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(since 2020)

Dr. Ushnish Sengupta (PhD)

Program in Adult Education and Community Development, OISE/University of Toronto (2022)

Senior supervisor: Prof. Marcelo Vieta (OISE, University of Toronto)
Supervisory committee: Prof. Sherida Ryan (OISE, University of Toronto)
Supervisory committee: Prof. Ann Armstrong (Rotman, University of Toronto)


Towards a Values-Based Data Governance Theory in the Social Economy in Ontario, Canada

(Link to PDF of dissertation forthcoming)

This thesis develops a Values-Based Data Governance (VBDG) theory by understanding the political, cultural, ideological, and historical contexts for governance of data in social economy organizations (SEOs) with a focus on Ontario, and more broadly Canada. The social economy has a different set of values which are more equity and human rights oriented compared to the public and private sectors. The primary issue with the current absence of a data governance theory is that harms to equity-seeking groups, such as breaches of the right to privacy, gender and racial inequities, and exploitation of labour, can be exacerbated by SEOs unreflexively implementing data-intensive technologies. One of the findings of this thesis is that SEOs are adopting technologies without having a coherent theory of data governance. Countering these problematic trends, and changing the trajectory of SEO adoption of technology toward a more preventive rather than reactive process requires a VBDG theory. The main research questions guiding this study are the following:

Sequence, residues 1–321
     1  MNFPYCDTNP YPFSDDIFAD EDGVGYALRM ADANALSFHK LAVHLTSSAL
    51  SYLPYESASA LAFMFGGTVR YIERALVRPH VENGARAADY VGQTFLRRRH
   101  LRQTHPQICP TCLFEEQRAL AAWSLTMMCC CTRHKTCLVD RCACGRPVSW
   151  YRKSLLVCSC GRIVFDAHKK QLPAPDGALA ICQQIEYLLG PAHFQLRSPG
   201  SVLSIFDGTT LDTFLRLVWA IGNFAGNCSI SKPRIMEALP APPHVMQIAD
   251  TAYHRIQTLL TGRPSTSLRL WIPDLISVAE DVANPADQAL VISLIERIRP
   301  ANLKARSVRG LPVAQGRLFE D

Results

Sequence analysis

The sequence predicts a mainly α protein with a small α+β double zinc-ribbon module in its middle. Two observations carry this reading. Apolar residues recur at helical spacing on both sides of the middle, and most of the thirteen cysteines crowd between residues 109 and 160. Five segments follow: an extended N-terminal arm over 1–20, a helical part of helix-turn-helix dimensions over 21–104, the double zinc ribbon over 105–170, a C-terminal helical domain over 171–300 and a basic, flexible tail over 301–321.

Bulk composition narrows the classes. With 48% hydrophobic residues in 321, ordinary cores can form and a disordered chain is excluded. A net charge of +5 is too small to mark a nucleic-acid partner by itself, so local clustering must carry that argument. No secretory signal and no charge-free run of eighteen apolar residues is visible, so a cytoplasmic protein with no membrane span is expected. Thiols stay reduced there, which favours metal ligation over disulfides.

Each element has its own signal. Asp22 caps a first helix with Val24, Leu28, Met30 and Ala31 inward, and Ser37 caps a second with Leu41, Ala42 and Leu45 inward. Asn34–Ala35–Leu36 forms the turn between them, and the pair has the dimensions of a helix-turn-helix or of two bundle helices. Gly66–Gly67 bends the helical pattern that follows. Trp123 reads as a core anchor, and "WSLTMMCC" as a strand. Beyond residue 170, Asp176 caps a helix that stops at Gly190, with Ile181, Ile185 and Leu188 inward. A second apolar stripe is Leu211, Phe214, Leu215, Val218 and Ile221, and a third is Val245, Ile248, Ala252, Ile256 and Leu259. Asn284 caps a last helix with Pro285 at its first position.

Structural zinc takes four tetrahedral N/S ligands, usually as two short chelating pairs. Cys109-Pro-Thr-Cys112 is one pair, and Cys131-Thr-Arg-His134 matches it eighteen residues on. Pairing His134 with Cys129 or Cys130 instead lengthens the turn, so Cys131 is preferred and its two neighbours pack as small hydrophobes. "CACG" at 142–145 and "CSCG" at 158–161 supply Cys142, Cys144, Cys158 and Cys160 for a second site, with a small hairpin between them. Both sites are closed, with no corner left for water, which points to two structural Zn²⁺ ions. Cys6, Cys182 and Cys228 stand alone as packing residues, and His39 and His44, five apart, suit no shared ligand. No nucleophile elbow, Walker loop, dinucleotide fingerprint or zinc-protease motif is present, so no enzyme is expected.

1)    What are the theoretical gaps in understanding data governance for SEOs, from a Canadian and Ontario context?

2)    Can the gaps identified be addressed by a new theory of Values-Based Data Governance (VBDG)?